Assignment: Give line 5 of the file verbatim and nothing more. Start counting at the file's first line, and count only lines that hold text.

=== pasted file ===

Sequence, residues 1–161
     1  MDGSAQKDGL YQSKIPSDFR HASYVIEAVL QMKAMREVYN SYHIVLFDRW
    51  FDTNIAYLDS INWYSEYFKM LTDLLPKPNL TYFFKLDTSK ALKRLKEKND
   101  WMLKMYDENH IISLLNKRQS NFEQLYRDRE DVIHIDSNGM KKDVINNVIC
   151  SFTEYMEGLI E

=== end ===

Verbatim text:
   151  SFTEYMEGLI E